Finding The Source Of A Broken Water Main: What The Plumber Will Do

A broken water main is bad news for anyone that has to experience it. Water mains are the main sewer pipes for water flow. When they are broken, water flows everywhere and makes a huge mess. It is imperative that you get a plumber out right away to fix the problem. The first thing a plumber will do is find the source of the break. 

Rusted out Pipes

Nine times out of ten, a broken water main is the result of rusted-out metal pipes. The pipes have finally given way and the holes in these pipes are just gushing. If this is the source of the problem, the plumber will turn the water off that feeds into the main, and then remove and replace these old pipes.

Busted Valves

A main has valves that control the flow of water. Because valves consist of screws that release and close the openings in the pipes, the screws can eventually fail to do what they are supposed to. Either debris or long-term use causes the valves to fail. Then the valves cannot close properly and water just keeps coming regardless of what you do to stop it.

Missing Access Port Covers

In sewer main pipes, there are access ports and access port covers. Most covers are twist-in plugs that require a large, square bolt wrench to remove. For whatever reason, these port covers are missing, whether some prankster removed them or they just came loose and were flushed away with the rushing water. If this is the source of the problem, the plumber will shut off the water just long enough to replace the port cover and tighten it so that it cannot be so easily removed again.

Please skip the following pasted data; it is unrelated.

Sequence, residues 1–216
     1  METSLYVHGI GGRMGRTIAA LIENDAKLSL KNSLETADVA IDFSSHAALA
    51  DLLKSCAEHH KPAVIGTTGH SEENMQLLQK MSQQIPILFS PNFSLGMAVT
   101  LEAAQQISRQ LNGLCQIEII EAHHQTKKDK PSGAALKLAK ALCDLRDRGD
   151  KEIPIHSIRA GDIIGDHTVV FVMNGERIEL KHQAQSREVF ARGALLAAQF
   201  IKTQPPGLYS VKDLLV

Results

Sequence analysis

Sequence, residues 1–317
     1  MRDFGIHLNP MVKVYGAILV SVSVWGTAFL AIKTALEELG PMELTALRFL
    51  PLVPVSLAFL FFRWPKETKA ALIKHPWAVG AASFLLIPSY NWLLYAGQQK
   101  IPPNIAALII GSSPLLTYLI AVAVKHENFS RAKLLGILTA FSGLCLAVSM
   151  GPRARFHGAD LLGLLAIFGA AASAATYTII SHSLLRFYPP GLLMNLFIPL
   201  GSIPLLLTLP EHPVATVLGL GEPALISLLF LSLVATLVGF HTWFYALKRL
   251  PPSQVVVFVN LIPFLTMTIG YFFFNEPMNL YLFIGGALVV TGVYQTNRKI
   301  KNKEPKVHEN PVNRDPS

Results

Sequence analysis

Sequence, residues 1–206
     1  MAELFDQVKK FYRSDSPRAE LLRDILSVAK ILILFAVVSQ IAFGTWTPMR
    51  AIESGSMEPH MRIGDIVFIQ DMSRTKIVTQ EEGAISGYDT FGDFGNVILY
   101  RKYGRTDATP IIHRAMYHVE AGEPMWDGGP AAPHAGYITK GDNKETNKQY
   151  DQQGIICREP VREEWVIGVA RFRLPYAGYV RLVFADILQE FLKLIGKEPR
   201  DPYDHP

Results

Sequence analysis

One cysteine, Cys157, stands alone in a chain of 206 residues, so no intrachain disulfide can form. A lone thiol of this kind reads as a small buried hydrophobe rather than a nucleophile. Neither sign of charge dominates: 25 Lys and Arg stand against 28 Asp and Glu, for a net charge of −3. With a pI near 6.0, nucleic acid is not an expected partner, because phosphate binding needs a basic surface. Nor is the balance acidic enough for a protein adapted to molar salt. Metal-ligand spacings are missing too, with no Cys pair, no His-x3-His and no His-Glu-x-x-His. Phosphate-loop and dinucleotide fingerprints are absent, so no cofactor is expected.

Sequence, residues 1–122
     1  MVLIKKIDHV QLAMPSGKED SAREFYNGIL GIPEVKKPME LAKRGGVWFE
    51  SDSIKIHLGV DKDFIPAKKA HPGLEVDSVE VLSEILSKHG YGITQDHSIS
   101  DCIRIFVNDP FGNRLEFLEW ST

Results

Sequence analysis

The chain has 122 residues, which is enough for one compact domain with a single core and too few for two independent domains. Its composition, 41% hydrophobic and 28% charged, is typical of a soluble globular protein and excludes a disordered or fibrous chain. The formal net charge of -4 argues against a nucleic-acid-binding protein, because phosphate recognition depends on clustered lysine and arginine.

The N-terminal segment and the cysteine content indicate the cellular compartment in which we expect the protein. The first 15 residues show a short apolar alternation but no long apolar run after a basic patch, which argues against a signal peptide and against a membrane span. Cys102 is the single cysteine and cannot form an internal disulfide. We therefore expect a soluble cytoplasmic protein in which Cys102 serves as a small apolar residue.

Tree Roots

Trees have a way of sending roots down and out to look for sources of water. The roots quickly gravitate (under ground) toward water mains. The roots wrap around the main pipes, trying to get into the flowing water inside. Eventually, the tree roots will squeeze the daylights out of the pipes until the pipes bust and provide plenty of water to the thirsty tree.

Cutting the roots back a great distance and replacing the pipes helps eliminate this problem. It is also advisable that you remove the tree if the tree is already too close to the sewer main. Addressing the problem by removing the problem roots will not stop the tree from sending more roots to the nearest water source.


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